Sometimes these ears of mine, they’re clogged. I have little vignettes return to me, from time-to-time, of true friends who tried to be what friends are meant to be and I just couldn’t hear them. Then.
I can’t wait to have tea with that old college housemate who stopped me on my way up the stairs as I passed by her room with this: “You say everything’s fine — all the time. But it can’t be.” I skirted her observation, wrapped my response — your observation is wrong — in christian-ese and went on my way.
But I found out years later that she was right.
And another went like this: we were headed out of town and this mentor, this friend, met me and Nate for breakfast before we scooted. He gently quizzed me on my second year’s work in a new town (which had me exercising new muscles), and read right through my words to my heart. Peppered throughout the analysis of my year was my mention of various people who’d placed varying levels of expectation upon me, or so I thought. I couldn’t bear up and I felt it. Something needed to change, was what I said. But what I meant was that they needed to change — all of them, this collaborative yet unconnected group of people who were forcing me to turn the treadmill up.
Except it was my hand on the controls of that treadmill. And my interpretation of their actions.
They didn’t need to change. I did. I was “headed for burnout,” said this friend, boldly. Something on my insides was off and I wouldn’t be the marathon runner I wanted to be if I kept racing through my long-runs.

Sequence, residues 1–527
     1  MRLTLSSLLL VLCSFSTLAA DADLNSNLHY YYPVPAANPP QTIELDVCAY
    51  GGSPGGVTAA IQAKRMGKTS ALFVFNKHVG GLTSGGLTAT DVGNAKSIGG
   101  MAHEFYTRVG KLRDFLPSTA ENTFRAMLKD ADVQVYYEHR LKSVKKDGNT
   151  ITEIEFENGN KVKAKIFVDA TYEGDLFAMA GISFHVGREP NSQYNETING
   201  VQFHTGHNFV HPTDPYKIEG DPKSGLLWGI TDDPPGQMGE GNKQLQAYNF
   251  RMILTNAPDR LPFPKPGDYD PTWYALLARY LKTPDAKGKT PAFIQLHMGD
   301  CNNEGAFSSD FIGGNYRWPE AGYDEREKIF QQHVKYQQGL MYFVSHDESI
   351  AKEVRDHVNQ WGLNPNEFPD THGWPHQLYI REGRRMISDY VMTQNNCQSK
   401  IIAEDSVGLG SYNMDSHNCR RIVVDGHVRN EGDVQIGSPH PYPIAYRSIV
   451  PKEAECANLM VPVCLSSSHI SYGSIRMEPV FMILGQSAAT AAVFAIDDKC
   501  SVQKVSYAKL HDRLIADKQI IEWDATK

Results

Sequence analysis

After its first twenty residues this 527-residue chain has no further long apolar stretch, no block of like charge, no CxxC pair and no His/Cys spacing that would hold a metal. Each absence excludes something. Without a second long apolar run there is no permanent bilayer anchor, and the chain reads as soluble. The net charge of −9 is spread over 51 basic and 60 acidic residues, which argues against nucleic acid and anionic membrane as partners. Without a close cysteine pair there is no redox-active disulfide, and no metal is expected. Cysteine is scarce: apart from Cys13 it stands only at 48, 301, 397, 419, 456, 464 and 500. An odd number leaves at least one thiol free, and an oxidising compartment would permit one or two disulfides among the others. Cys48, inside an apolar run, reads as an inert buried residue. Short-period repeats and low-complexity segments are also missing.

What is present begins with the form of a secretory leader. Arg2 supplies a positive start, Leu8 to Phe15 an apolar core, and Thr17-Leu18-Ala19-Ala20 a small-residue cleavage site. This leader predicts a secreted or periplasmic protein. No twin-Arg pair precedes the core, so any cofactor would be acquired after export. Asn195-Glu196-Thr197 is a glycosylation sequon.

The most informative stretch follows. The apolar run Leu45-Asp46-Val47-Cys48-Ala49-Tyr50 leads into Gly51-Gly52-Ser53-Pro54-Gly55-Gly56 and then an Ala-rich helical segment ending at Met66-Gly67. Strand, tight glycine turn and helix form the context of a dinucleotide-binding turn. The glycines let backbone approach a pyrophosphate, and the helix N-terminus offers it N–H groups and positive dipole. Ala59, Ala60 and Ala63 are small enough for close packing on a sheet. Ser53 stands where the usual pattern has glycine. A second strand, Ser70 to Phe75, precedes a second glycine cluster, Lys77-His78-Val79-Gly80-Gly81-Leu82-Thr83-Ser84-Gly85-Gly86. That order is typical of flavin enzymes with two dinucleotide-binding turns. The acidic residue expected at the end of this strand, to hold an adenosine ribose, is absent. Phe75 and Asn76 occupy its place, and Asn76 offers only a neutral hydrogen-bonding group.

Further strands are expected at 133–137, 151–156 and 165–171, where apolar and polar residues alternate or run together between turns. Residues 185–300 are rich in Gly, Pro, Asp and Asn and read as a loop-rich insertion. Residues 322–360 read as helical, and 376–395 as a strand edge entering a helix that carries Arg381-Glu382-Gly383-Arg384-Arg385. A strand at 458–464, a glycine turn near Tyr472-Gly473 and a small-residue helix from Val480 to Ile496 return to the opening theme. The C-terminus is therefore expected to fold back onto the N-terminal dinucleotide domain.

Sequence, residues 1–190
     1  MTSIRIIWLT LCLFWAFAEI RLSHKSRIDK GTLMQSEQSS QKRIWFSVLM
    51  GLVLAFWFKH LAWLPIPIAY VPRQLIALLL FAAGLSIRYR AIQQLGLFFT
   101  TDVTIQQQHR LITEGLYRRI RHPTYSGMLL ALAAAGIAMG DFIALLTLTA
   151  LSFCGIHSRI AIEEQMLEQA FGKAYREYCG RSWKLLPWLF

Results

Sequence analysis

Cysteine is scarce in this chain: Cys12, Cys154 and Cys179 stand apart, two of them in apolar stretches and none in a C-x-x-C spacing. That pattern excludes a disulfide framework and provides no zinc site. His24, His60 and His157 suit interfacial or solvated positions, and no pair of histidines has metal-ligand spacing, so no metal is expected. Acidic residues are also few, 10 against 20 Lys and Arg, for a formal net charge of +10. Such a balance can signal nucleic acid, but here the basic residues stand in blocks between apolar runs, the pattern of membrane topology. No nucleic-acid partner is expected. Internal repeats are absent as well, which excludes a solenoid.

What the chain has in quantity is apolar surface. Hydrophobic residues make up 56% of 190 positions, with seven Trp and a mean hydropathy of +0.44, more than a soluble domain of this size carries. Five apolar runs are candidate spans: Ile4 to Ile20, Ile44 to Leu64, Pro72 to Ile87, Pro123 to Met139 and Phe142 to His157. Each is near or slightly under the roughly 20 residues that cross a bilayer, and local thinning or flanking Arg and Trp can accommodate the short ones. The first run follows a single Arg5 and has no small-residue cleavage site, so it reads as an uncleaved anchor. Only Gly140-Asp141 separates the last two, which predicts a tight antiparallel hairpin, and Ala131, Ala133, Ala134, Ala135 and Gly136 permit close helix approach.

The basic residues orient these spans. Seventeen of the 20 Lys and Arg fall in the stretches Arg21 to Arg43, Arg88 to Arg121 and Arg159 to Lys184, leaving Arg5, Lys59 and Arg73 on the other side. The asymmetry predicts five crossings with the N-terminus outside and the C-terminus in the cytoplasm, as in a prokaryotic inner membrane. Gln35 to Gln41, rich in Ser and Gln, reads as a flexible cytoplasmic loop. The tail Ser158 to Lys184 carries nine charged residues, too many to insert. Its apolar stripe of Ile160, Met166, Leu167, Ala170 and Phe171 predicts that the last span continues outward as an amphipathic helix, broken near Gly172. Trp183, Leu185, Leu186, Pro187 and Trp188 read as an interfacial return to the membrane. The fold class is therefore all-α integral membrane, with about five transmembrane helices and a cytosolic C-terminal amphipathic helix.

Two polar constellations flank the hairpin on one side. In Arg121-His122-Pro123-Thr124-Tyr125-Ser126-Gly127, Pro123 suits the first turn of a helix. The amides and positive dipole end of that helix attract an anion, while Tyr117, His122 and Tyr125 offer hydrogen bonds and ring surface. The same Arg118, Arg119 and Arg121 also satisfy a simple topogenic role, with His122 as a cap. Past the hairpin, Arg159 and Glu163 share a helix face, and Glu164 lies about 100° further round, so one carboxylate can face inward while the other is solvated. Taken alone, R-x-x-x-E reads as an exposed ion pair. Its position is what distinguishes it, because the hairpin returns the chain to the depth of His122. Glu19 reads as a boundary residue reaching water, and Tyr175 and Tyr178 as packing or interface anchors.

I left breakfast in a fog, unsure of what to make of all this. His words resonated, slightly, but they didn’t match my understanding of Christianity. There was so much of His work to do … wasn’t I supposed to maximize my daylight hours for His kingdom? My days are numbered, why would I want to waste them?
And what was burnout, anyways?
That breakfast was portentous, I learned, soon enough.
Months later, my bone-tired heart went belly up. I didn’t heed this friend’s words, I lived them.
There’s no time for planning when you’ve run dry.
I was forced to find rest.
Rest, at twenty-three, was reading books and taking walks and holing myself up in my room for long-hour stretches with just worship music and my Bible. It was re-introducing myself to a God-Man I’d said yes to years before and for whom I had been working my fingers to the bone (or so I thought), but whom I barely knew.
My twenties went from my self-declared decade of impact to years where the only heart I sought to impact was His. It was as if — because I couldn’t get my mind around the notion that He loved me not for what I did but for who I was — He allowed almost all of my external “doing” to wither so that I might find that sparkle in His eye when I was at my most seemingly-unproductive for His kingdom.
It took years for me to begin to see that He loved me in my closet and delighted in me during my most “inefficient” years.
And the glory of a pursuit of Him, lived across seasons, is that here I am again.
My heart has grown, my externals have changed, but there are still layers of understanding His rest to be had in my person.
Now, He is the man sitting across my breakfast table encouraging me to find Him in my unproductivity.
This baby, inside, ripens while he drinks of the energy I once had. My body, producing less-than-ever by my standards, is sustaining a life not yet seen. And my to-do list goes unchecked.
The needs of a once- 1 & 1/2, 3, 5 and 7 year old grow as they grow. They crave back rubs and to sit on my lap over long books and to rest in my arms as their little hearts ponder their big stories. They ripen under my time. And my to-do list goes unchecked.
So, those free hours (because, mamas, when it all boils down we do have free hours) — they allure me. Make more lists, they say. Clean the corners and dust the edges and bake-up more homemade bread. Sometimes they say clear your inbox or meet a need or scan the caverns of internet pages, mindlessly.